Calgary recently hosted the 2023 Global Energy Show from June 13-15th. The annual event brought together over 30,000 attendees and over 600 companies for a three three-day exhibition and conference to showcase the state of play in Canada’s energy sector. The Global Energy Show attracts international interest with attendees from over 110 countries participating in the event. During 2023, delegations from the Czech Republic, India, South Korea, and the United States all had a major presence on the exhibition floor. These numbers add up to making it one of the most significant annual energy sector events in North America. Formerly named the Global Petroleum Show, the event was renamed in 2020 to better reflect the changing nature and broadening context of Canada’s energy landscape.
ICTC’s recently published report, Clean Energy and Pathways to Net-Zero: Jobs and Skills for Future Leaders, explores Canada’s emerging clean energy sector and its workforce implications.
The changing nature of Canada’s energy sector was on full display in 2023. While many products and services featured in the exhibition hall were specifically built for the oil and gas industry, many companies were also showcasing clean energy offerings. CBC News reports that in 2022, 60 percent of the exhibition floor space at the Global Energy Show was devoted to clean energy technology, up from 10 percent in the years prior to the COVID-19 pandemic. In 2023, renewables such as solar and electric battery solutions, hydrogen fuel and geothermal power, and carbon capture utilization and storage (CCUS) were all on display. Nuclear energy was also represented at the show with exhibitors promoting small modular reactor (SMR) technology.
Canada’s digital economy was also well represented at the Global Energy Show. As energy is a technology intensive sector, both conventional oil and gas and clean energy companies benefit from emerging digital technologies. Digital twinning for plant and facilities management, data analytics and AI, enterprise resource planning, internet of things, 3D printing and additive manufacturing, robotics, and geographic and land information systems were among the digital technologies on display on the exhibition floor.
Notably, in ICTC’s recent study on the labour market impacts of clean energy, clean energy employers identified geography and surveying technologies, such as Motorola GDS, ArcGIS, 3D surveying, drones, and other remote sensing infrastructure as an important skillset for clean energy workers to have. In addition to geography and survey technologies, clean energy employers also seek candidates with skills and experience related to cloud infrastructure tools, operating systems software, facilities or inventory management software, and tools such as Natural Resources Canada’s RETScreen Clean Energy Management Software Platform.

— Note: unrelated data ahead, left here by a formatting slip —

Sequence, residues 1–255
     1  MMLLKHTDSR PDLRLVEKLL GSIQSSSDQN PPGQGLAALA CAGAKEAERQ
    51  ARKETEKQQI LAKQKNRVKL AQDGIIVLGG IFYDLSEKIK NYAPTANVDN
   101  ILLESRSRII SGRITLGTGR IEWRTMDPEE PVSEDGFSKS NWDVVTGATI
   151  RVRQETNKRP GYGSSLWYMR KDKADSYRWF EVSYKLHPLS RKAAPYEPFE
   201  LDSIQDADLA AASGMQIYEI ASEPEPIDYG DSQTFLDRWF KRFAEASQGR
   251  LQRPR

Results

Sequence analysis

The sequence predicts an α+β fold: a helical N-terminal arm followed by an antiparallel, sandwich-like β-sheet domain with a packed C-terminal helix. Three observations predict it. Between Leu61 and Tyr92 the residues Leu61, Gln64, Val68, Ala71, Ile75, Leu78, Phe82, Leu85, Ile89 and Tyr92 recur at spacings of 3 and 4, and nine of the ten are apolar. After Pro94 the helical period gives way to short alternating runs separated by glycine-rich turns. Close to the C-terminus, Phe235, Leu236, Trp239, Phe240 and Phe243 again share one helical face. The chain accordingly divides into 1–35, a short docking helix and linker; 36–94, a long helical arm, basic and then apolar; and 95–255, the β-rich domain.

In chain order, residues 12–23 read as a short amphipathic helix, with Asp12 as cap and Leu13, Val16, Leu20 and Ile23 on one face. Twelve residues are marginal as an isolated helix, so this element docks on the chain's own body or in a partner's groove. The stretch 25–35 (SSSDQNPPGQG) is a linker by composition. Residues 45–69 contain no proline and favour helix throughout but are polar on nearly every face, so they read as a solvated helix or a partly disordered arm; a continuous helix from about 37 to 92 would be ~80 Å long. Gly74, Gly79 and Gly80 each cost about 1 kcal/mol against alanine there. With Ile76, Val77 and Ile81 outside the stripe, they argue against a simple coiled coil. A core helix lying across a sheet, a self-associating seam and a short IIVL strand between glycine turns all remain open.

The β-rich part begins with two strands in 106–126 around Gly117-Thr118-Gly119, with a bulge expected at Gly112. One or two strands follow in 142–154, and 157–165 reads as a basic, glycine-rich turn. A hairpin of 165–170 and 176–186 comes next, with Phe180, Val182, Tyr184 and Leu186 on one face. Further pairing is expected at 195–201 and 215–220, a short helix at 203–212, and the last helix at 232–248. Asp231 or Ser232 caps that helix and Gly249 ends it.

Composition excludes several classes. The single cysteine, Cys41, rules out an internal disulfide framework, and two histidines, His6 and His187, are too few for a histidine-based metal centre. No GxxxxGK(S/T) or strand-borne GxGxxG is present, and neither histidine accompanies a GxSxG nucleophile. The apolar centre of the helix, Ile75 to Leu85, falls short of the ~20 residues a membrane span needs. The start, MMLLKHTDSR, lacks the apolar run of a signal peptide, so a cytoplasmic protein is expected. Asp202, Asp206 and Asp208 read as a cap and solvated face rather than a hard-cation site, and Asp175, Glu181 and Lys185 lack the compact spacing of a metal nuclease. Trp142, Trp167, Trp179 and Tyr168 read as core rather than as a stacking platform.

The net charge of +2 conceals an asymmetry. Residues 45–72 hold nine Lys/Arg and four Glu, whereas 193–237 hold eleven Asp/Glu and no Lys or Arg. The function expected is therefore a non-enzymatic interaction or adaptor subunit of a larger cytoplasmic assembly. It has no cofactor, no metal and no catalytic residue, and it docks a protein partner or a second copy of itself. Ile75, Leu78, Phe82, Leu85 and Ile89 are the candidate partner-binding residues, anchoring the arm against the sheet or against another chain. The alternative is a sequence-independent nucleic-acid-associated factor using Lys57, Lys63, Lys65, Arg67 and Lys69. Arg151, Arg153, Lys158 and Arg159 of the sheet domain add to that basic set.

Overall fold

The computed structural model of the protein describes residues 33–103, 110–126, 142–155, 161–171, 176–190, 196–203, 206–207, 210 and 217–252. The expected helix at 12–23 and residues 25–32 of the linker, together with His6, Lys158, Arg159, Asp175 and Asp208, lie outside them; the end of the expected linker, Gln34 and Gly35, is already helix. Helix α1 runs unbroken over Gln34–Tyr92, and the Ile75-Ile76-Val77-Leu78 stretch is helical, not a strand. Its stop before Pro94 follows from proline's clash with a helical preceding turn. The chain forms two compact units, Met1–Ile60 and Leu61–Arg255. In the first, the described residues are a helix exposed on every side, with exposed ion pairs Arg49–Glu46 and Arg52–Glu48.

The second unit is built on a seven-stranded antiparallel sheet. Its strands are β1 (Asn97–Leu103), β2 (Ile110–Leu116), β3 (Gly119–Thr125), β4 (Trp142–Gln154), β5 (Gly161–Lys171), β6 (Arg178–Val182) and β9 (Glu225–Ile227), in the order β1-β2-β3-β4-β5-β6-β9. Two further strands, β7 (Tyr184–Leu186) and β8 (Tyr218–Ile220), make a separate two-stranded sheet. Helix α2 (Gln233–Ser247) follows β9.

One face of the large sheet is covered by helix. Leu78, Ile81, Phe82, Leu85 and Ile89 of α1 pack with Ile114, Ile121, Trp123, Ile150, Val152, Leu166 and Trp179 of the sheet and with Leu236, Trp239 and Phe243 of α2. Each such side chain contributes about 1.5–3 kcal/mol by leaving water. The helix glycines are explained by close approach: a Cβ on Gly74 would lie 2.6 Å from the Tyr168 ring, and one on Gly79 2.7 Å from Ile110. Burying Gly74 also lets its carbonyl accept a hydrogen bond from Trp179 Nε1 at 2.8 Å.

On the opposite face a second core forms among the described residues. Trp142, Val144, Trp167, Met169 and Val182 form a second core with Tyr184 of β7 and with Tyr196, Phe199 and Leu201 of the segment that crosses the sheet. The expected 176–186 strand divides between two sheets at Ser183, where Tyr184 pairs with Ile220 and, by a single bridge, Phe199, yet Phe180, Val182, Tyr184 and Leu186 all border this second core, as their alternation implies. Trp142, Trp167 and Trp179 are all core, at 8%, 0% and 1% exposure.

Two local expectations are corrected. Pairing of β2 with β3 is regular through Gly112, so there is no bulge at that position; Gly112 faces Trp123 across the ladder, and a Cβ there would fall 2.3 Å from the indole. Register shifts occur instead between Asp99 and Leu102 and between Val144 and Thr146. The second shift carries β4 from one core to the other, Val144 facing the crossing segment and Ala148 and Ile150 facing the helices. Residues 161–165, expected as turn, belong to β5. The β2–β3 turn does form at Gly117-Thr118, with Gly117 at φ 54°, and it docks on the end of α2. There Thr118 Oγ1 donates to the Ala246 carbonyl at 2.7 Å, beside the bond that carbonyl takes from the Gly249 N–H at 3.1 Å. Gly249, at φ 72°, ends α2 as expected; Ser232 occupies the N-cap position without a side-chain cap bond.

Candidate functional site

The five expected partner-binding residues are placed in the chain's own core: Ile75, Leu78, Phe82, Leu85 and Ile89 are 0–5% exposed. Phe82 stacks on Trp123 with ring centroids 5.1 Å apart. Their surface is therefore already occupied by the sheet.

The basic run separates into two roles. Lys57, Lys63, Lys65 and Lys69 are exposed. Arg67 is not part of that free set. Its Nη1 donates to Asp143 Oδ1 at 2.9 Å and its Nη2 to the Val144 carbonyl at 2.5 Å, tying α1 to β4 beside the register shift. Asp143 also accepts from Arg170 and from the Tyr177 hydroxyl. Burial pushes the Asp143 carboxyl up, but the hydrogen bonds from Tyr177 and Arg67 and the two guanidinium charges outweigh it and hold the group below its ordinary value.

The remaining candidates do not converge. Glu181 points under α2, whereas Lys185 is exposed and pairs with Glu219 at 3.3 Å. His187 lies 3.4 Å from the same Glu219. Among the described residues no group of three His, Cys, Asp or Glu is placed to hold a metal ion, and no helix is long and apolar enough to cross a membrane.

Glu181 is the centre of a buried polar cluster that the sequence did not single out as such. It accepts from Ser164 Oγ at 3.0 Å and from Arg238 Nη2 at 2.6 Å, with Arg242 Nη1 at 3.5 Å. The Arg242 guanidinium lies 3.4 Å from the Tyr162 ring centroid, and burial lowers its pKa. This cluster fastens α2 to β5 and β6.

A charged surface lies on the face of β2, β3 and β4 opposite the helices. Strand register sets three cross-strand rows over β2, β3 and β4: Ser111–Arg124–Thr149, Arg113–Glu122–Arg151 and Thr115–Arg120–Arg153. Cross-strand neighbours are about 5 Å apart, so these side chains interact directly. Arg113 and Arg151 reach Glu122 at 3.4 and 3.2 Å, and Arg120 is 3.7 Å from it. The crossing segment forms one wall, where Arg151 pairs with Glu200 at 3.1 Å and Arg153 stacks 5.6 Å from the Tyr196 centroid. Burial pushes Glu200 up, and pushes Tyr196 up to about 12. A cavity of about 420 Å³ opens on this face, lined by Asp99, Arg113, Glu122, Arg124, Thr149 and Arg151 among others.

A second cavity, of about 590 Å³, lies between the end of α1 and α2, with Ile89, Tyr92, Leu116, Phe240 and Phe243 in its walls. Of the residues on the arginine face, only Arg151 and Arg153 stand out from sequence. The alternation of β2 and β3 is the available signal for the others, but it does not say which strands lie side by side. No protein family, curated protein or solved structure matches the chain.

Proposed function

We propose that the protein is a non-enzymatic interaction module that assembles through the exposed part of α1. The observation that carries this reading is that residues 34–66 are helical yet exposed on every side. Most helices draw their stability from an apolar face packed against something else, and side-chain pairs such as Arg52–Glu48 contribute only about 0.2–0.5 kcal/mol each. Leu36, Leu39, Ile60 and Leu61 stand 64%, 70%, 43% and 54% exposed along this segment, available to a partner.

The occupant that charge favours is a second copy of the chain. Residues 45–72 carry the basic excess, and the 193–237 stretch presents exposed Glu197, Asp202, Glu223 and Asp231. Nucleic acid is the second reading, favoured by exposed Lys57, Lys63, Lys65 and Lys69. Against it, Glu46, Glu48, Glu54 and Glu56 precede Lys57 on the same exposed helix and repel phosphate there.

Clean energy, environmental sustainability, emissions reduction, and social responsibility emerged as key themes in the over 300 technical and business presentations, poster sessions, and panels throughout the exhibition, and at the concurrent strategic
Topics such as women in energy; diversity, equity, and inclusion (DEI); environmental, social, and governance (ESG) issues; and innovation and enterprises were all points of discussion. Calgary-based SAIT polytechnic sponsored an exhibition theater that hosted sessions on careers in the energy industry directed at students at young people. There was also significant discussion on global geopolitical tensions, and in particular Russia’s 2022 invasion of Ukraine, and their effects on global energy markets. Net-zero, emissions abatement, GHG markets and voluntary GHG credits, and fugitive methane emissions detection were all thoroughly covered as well. The variety of issues point to the importance of the complexity of the environment Canadian energy companies operate within.
Large industry events such as the Global Energy Show, held within a single venue, showcase the present state—the challenges, opportunities, issues, and tenor—of an industry. In 2023, the Global Energy Show highlighted a notable post-pandemic shift in the way Canadian industry talks about energy. While conventional oil and gas continued to have a significant presence, clean energy has also emerged as a major force at the show and throughout Canada’s energy landscape. The event showcases Alberta’s continued prowess in the Canadian energy sector: both conventional and clean.
ICTC recently published a report on labour market effects of Canada’s clean energy transition and road to net-zero. New jobs will be centered on renewable energy, hydrogen, and energy efficiency. Interested readers can access the report here.